Criticism on Fridays: So, This Is a Strike
At the Start of a New Season, Opera Workers Have Decided to Act While They Are Still in High DemandBy Polina Lyapustina
(Photo: Tyler Callahan)
Every Friday, Polina Lyapustina delivers a short essay on some of the most essential topics in the industry with the intent of establishing a dialogue about the opera world and its future.
Starting mid-September, news about strikes in the cultural sector began to appear in the media. The prosperous Norwegian National Opera postponed a few performances due to a strike (the reason was that the employers and employees couldn’t agree on a pension scheme). The company announced it as a change in the program for a reason, but the claims were brought only to the negotiating table where they could be dealt with.
The problem of the US unions who couldn’t manage deals before the season-opening seemed more familiar — contracts and guaranties, wages and benefits — mostly for the less visible groups of workers like stagehands or customer support. It caused at least the threat of strikes.
In Spain, the strike was caused by another usual factor for this country — the government’s interference with cultural institutions by imposing norms that are far from the real conditions.
But certainly, the highlight (but only for now) was the strike at Maggio Musicale in Florence, where the conflict developed with a lot of noise and fanfare. Though none of the problems voiced by the Unions are new, the company leader Alexander Pereira immediately acted surprised and accused the workers and the unions of betraying and destroying the theater.
The crux of the problem is that FIALS and its general secretary, Enrico Sciarra have been asking for changes and open negotiations long before the pandemic, pointing out the problems with basic guarantees for workers, almost a full absence of long-term contracts, long delays in payments, and difficulties in managing institutions by politics and people appointed by the government. This year, FIALS has sent some new claims with literally no response, while the theatres, especially majors like Maggio Musicale continued to build new plans and open new venues. Eventually, the orchestra workers of Maggio, who are now in high demand both in the theatre and for the upcoming exhibition in Dubai, were suggested to choose this moment for their rightful claims to be heard.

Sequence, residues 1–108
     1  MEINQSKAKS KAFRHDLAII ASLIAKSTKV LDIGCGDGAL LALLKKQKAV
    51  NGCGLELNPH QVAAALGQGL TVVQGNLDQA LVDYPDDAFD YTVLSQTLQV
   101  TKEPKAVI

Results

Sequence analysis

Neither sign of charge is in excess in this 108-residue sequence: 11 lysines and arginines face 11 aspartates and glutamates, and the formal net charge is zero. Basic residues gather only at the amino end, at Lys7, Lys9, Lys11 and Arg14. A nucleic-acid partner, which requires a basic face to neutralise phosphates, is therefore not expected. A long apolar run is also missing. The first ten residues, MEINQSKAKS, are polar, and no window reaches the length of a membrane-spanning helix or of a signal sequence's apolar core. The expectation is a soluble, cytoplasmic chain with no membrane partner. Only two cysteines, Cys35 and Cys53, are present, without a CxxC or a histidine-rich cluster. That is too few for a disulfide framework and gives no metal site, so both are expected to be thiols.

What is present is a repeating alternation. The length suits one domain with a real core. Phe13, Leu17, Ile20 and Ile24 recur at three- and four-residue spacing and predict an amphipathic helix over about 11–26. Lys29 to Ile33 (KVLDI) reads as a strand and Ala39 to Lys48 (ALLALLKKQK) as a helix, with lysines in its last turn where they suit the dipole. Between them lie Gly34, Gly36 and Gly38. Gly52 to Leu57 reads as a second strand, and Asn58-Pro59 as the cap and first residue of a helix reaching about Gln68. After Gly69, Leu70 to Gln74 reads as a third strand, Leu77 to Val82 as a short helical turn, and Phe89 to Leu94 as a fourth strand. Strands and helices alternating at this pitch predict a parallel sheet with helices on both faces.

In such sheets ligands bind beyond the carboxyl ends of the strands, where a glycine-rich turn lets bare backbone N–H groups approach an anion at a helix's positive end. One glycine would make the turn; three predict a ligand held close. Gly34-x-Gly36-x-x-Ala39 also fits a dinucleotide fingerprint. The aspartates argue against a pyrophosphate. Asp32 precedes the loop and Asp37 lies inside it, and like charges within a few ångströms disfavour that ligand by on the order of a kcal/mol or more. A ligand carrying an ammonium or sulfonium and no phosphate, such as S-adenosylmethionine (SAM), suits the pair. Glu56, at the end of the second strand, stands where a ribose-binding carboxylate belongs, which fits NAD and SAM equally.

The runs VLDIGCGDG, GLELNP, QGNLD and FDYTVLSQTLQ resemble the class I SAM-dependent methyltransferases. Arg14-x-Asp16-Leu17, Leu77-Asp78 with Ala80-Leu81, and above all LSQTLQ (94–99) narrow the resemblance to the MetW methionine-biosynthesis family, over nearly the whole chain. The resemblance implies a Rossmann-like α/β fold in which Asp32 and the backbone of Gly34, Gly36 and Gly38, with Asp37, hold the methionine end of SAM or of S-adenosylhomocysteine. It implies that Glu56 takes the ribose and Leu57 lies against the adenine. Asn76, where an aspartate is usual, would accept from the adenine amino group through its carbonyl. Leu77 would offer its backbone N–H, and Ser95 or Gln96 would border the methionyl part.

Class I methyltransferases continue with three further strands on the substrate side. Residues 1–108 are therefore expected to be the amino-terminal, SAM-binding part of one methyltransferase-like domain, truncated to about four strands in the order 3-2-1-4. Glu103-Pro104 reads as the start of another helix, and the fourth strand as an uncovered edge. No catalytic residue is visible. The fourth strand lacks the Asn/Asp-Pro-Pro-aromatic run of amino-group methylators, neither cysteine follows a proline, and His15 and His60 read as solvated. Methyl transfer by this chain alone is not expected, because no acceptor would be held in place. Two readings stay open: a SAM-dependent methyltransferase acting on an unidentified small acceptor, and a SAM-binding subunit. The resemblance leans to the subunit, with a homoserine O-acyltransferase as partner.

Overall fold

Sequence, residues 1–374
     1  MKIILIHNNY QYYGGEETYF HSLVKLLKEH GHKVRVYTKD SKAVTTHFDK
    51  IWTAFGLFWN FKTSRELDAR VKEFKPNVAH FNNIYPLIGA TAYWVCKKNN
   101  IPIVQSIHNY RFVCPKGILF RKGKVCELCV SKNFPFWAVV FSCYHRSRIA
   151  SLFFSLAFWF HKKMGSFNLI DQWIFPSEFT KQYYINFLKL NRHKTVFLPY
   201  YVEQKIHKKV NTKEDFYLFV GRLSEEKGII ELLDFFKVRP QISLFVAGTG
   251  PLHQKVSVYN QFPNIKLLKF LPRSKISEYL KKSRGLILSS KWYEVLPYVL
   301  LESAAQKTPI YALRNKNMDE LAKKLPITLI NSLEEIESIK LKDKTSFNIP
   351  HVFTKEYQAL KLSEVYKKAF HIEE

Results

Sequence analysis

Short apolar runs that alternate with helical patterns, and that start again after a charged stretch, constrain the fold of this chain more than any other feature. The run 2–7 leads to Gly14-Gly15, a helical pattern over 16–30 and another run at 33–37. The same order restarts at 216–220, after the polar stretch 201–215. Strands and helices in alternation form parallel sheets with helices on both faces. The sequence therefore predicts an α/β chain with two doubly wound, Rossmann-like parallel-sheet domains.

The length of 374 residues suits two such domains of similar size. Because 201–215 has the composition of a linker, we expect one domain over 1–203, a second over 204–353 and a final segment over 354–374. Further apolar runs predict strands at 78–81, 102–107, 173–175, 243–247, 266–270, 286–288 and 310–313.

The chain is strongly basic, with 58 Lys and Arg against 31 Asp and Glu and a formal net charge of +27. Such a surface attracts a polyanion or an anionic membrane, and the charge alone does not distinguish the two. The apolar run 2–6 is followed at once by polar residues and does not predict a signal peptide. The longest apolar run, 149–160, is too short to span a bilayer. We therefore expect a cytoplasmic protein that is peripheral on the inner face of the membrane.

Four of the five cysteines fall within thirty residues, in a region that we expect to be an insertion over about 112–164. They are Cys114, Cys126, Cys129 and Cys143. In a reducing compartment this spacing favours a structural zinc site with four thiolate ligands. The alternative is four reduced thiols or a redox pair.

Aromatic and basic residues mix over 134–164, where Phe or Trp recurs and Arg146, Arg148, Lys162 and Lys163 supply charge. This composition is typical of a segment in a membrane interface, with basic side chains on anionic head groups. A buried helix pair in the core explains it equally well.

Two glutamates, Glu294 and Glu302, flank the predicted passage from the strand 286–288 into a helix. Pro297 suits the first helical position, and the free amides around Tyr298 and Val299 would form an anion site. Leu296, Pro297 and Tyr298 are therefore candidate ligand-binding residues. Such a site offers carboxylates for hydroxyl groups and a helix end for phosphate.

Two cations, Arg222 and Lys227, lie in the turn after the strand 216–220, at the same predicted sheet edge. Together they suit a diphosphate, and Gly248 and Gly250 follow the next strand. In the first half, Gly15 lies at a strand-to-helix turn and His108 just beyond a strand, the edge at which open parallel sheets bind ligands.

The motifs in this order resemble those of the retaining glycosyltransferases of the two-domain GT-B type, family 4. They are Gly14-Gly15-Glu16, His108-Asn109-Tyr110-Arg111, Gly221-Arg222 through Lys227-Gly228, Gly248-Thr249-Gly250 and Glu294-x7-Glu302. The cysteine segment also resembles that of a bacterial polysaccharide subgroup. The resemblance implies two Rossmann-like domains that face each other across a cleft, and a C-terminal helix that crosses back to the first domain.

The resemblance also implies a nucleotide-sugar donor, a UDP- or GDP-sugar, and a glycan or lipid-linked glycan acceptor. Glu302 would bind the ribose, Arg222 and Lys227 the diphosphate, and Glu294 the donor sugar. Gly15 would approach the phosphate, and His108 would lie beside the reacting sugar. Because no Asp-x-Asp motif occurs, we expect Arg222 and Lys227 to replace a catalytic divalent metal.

But in return, in his public response, superintendent Pereira seemed to care only about the saved evening with stars — Zubin Mehta conducted at the piano and accompanied “La Traviata” with Nadine Sera, Francesco Meli, and Plácido Domingo.
According to the structure, the next affected and responsible person is the Mayor of Florence, who has certainly approached the question straight away (and as a good Italian politician — publicly):
“Just today, I had a serious meeting at Palazzo Vecchio with Alexander Pereira, in the presence of the administrative director and my head of cabinet to take stock of the overall situation. As for the relationship with the unions, the superintendent, as proof of the attention to workers, has already met the representatives yesterday and will meet them again tomorrow. In fact, a permanent table will be opened to discuss all issues concerning the life of the Foundation.”
Well, in fact, that meeting brought no results, and nothing but accusations and threats at the loss of the theater were voiced by the theatre management. But the work at one of the most respectable theaters in Italy remains a serious challenge.
Meanwhile, Enrico Sciara from FIALS notes the increasing psychophysical stress, to the point of compromising work performance and, consequently, bring the risk of compromising artistic quality as well. The orchestra that is meant to represent the country at Expo 2020 Dubai, where Italy decided to organize the most fabulous presentation with the largest amount of venues and stages in three emirates, will be brought to the event by the cheapest transport.
“There will be a trip to Dubai soon. We are told that there will be 13 or 14-hour bus trips.”
Angelo Betti from another workers’ union Fistel Cisl notes that “Maggio makes five different productions. It is unsustainable, considering that the Maggio employees are only 297.” There is constant overwork, which is not paid, and delays in basic pay.
And, I guess, it’s getting quite obvious that the situation is not gonna change easily. The workers, and not only in Florence, showed obedience to the cruel rules for 25 years, since the new regulation started to destroy the opera industry and opera culture in Italy.
But now, after two years of the pandemic, there seems not much more to lose. And I believe that as it was with IATSE Local One at the Met, the desperation can become a source of strength to endure to the end and achieve results.
This autumn, when the hope of the continued work of theaters is still strong and all kinds of workers are in demand, this is the right time to raise voices and claim rights (some may look minor, everything is relative, and yet, all are important). And here, I hope that the unions will support workers and help them not to succumb to accusations of the destruction of theaters or unfounded assurances that the situation will soon improve. The pandemic showed that the industry is weak and cannot or doesn’t want to sustain its workers.
Meanwhile, the fabulous comeback to the stage proved that the operatic art is powerful. And the only thing that workers should keep in mind is that THEY ARE THE ART.